OAT CELL CARCINOMA
OCCUPATIONAL DISEASE AND INJURY
oat cell carcinoma A form of
lung can-
cer,
also known as
small cell carcinoma.
obesity A condition in which excess fat
has accumulated in the body. A person
20
per cent above the recommended
weight for his or her height (see
weight)
is obese rather than overweight. About
2
in
5
people in the UK are overweight
and a further
1
in
5
obese.
Obesity is usually caused by consuming
more food than is needed for energy.
Energy requirements are determined by
metabolic rate (see
metabolism)
and level
of physical activity. Family history is
sometimes a factor. Obesity is associated
with some hormonal disorders, but these
are not generally the cause.
Obesity increases the risk of
hyper-
tension, stroke,
and
diabetes mellitus
type
2
.
Coronary artery disease
is more com-
mon, particularly in obese men under
40
. Obesity in men is also associated
with increased risk of cancer of the colon,
rectum, and prostate, and, in women, of
the breast, uterus, and cervix. Extra
weight may aggravate
osteoarthritis
.
The first line of treatment is a slimming
diet (see
weight reduction
) plus regular
exercise. Drugs such as appetite sup-
pressants are rarely used due to their
side effects.
Wiring of the jaws,
stapling
of the stomach, and intestinal bypass
operations are attempted only if obesity
is endangering a person's health.
obsessive-compulsive disorder A psy-
chiatric condition in which a person is
dogged by persistent ideas (obsessions)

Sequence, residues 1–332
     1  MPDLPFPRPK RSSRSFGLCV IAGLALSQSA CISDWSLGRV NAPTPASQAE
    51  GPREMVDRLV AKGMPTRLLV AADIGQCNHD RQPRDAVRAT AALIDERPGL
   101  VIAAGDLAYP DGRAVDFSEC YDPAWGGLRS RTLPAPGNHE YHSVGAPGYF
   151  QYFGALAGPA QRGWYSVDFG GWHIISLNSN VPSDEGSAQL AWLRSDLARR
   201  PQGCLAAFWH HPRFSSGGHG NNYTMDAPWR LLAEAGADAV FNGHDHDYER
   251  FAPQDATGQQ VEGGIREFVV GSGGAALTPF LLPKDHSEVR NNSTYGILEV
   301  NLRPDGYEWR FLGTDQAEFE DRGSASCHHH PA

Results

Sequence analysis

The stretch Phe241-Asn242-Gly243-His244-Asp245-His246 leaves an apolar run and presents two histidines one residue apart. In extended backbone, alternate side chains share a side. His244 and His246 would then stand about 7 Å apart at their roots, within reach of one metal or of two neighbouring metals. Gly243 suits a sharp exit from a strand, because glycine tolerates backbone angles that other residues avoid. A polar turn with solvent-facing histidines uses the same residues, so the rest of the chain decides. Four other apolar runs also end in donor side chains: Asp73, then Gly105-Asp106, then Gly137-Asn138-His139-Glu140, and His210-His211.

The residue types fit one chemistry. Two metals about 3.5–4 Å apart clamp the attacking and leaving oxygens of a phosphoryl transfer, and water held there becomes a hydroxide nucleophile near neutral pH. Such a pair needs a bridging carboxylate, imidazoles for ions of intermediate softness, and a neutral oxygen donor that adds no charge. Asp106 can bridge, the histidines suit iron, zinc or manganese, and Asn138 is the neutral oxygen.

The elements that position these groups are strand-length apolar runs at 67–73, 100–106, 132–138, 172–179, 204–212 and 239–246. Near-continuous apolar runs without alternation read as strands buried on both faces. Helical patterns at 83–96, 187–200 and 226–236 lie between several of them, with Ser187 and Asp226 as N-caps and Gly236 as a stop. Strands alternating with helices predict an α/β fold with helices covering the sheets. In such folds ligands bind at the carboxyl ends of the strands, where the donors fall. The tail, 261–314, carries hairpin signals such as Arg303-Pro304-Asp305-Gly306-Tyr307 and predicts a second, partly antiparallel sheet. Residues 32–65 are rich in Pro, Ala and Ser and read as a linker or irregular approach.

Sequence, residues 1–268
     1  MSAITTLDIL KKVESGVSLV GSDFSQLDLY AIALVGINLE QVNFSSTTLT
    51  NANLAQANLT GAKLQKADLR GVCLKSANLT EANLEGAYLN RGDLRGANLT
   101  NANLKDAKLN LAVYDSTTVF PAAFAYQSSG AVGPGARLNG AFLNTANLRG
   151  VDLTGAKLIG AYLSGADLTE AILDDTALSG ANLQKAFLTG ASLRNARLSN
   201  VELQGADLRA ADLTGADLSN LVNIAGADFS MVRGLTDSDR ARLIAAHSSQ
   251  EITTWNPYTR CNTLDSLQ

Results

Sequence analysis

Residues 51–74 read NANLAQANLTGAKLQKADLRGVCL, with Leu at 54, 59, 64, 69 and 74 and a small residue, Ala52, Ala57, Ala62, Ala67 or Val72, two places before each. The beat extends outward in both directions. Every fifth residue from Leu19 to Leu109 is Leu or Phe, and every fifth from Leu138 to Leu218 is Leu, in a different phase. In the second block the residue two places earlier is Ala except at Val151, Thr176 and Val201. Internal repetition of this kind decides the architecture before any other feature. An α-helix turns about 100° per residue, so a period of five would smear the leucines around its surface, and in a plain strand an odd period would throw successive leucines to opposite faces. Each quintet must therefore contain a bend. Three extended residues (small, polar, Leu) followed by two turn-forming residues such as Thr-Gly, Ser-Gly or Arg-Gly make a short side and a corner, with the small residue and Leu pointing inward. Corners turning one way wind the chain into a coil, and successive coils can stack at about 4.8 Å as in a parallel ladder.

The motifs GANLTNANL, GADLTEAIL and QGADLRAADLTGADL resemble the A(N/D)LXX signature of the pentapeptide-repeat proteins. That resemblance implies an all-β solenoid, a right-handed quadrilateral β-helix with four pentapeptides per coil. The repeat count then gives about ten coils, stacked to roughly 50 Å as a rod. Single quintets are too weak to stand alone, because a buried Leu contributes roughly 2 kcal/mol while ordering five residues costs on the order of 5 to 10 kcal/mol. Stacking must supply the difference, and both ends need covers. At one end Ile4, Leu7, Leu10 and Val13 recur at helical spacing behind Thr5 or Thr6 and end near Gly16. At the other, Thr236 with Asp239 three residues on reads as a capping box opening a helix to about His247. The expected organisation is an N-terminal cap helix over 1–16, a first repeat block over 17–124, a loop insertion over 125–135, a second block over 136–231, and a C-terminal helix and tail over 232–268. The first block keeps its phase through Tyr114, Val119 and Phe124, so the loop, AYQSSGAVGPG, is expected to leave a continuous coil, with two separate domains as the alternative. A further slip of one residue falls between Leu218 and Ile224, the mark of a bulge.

that lead to repetitive, ritualized acts
(compulsions). Obsessions are com-
monly based on fears about security or
becoming infected. In obsessional rum-
ination, there is constant brooding over
a word, phrase, or unanswerable prob-
lem. Compulsions may occur frequently
enough to disrupt work and social life.
The disorder is often accompanied by
depression
and
anxiety.
If severe, a per-
son may become housebound.
The disorder usually starts in adoles-
cence. Genetic factors, an obsessive
personality, or a tendency to neurotic
symptoms may contribute. Some types
of brain damage, especially in
enceph-
alitis,
can cause obsessional symptoms.
Many sufferers respond well to
beha-
viour therapy,
which may be combined
with
antidepressant drugs
, but symp-
toms may recur under stress.
obstetrics The branch of medicine con-
cerned with
pregnancy
and
antenatal
care
,
childbirth
, and
postnatal care
. It is
also the study of the structure and func-
tion of the female
reproductive system
.
(See also
gynaecology.)
obstructive airways disease See
pul-
monary disease, chronic obstructive.
occiput The lower back part of the head,
where it merges with the neck.
occlusion Blockage of a passage, canal,
opening, or vessel in the body. This may
be due to disease (for example, a
pul-
monary embolism
) or medically induced.
Occlusion also describes eye-patching
for
amblyopia,
and the relationship
between the upper and lower teeth when
the jaw is shut. (See also
malocclusion.)
occult Hidden or obscure, such as occult
blood in a sample of faeces.
occult blood, faecal The presence in
the faeces of blood that cannot be seen
by the naked eye, but can be detected
by chemical tests. Such tests are widely
used in screening for cancer of the colon
(see
colon, cancer
of). Faecal occult
blood may also be a sign of a gastroin-
testinal disorder such as
oesophagitis
,
gastritis,
or
stomach cancer;
cancer of
the intestine (see
intestine, cancer
of);
rectal cancer (see
rectum, cancer of
);
diverticular disease
;
polyps
in the colon;
ulcerative colitis
; or irritation of the
stomach or intestine by drugs such as
aspirin. (See also
rectal bleeding.)
occupational disease and injury Ill-
nesses, disorders, or injuries that result
from exposure to chemicals or dust, or
are due to physical, psychological, or bio-
logical factors in the workplace.
Pneumoconiosis
is
fibrosis
of the lung
due to inhalation of industrial dusts,
such as coal.
Asbestosis
is associated
O
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